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All Issues > Volume 33, Issue 6

<< Tuesday, October 17, 2017 >> St. Ignatius of Antioch
Romans 1:16-25
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Psalm 19:2-5 Luke 11:37-41
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"I am not ashamed of the gospel." —Romans 1:16

I wonder if deep down we don't proclaim the Good News more fervently because we are embarrassed that the guilty receive unmerited mercy. The rapist, terrorist, abortionist, murderer, and other wrongdoers confess their sins (Ps 32:5), repent and sin no more (Jn 8:11), accept and live their Baptism, and their sins are simply forgiven. They receive eternal life in heaven (see Lk 23:42-43). They seem to not receive the punishment due to their sins. "There is no condemnation now for those who are in Jesus Christ" (Rm 8:1). To law-abiding citizens, this can look unfair.

Our secular society demands justice and punishment. Simply browse the comments in any social media outlet when a grave act of injustice occurs. Victims cry out for healing and restitution. Lawyers press for damages, and then some. Bystanders scream for punishment, even before a criminal trial.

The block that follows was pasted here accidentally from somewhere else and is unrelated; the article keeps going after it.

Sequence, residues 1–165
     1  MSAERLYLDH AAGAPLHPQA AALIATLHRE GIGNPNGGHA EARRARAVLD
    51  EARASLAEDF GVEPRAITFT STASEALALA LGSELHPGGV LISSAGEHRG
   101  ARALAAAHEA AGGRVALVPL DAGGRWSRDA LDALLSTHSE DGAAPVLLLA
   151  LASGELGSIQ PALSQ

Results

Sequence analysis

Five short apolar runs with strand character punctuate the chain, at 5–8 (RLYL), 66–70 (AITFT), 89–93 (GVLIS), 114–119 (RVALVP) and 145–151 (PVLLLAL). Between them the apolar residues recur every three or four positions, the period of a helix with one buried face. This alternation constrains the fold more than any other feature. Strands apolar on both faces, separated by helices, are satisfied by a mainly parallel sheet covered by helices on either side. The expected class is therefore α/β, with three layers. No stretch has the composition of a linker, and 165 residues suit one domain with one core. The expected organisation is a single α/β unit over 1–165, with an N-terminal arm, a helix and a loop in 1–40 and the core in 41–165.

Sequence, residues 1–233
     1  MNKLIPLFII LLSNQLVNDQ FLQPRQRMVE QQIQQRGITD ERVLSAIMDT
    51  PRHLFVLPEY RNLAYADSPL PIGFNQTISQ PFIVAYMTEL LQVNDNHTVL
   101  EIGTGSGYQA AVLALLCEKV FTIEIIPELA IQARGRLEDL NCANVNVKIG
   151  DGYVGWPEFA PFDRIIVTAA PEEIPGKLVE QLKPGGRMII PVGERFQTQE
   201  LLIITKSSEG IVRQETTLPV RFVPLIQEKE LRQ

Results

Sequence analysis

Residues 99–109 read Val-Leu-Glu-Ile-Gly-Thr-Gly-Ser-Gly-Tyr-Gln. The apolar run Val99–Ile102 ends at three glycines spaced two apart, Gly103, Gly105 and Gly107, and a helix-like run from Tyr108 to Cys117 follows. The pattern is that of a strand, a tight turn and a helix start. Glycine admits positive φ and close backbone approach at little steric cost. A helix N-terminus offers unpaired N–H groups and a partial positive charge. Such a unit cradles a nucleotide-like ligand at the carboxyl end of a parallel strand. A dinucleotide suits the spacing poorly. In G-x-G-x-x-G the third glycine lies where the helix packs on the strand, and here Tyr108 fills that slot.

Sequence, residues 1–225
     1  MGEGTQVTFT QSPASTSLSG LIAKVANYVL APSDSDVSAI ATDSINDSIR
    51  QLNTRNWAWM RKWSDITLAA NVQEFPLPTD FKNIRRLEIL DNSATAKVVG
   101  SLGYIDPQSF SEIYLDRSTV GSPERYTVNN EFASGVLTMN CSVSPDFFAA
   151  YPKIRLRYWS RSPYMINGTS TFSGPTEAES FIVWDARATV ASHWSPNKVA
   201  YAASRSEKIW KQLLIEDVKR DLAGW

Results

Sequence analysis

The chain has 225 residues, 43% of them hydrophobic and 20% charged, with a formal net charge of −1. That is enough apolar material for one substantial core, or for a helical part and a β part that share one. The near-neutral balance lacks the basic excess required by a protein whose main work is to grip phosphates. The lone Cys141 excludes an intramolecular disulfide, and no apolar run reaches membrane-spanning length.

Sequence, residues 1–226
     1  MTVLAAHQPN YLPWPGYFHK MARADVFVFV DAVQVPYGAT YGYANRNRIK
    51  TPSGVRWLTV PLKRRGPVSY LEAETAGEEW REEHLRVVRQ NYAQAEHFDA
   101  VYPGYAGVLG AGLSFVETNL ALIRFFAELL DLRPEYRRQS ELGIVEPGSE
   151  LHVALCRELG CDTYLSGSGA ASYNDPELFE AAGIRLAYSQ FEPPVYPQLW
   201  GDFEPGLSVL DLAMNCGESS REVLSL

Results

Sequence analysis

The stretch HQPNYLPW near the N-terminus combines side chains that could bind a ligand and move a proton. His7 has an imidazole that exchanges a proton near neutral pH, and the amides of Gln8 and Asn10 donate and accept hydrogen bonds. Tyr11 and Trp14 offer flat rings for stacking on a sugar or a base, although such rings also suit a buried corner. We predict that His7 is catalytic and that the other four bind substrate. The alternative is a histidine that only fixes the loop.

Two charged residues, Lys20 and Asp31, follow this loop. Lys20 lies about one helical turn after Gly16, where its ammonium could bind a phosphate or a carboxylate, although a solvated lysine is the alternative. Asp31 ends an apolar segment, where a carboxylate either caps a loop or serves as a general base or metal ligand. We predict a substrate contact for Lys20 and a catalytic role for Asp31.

The gospel of Christ (Rm 1:16) proclaims that Jesus is our Justice (1 Cor 1:30). Accordingly, He handles all the demands of justice for all parties. The gospel also proclaims that "God is rich in mercy" (Eph 2:4), and that God repays any damages that have occurred (see Jl 2:25). Jesus receives the punishment in place of sinners and pours out mercy on both sinner and victim.

Instead of taking on Jesus' job of figuring out punishments and restorations, our role is to fall on our knees before Jesus and beg for mercy and justice. Humanity is unable to do the job which belongs properly to the Lord, for His ways are far beyond our ways (Is 55:8-9). The conflicting demands of mercy and justice are no problem for Jesus, Who is Mercy and Justice incarnate.

Prayer: Father, remove from my heart and mind any embarrassment that might exist about Your lavish mercy toward sinners.
Promise: "If you give what you have as alms, all will be wiped clean for you." —Lk 11:41
Praise: St. Ignatius worked for Christian unity by proclaiming the Eucharist.
(This teaching was submitted by a member of our editorial team.)
Rescript: In accord with the Code of Canon Law, I hereby grant the Nihil Obstat ("Permission to Publish") for One Bread, One Body covering the period from October 1, 2017 through November 30, 2017.
†Most Reverend Joseph R. Binzer, Auxiliary Bishop, Vicar General of the Archdiocese of Cincinnati, April 12, 2017.
The Nihil Obstat ("Permission to Publish") is a declaration that a book or pamphlet is considered to be free of doctrinal or moral error. It is not implied that those who have granted the Nihil Obstat agree with the contents, opinions, or statements expressed.
Volume 33, Issue 6
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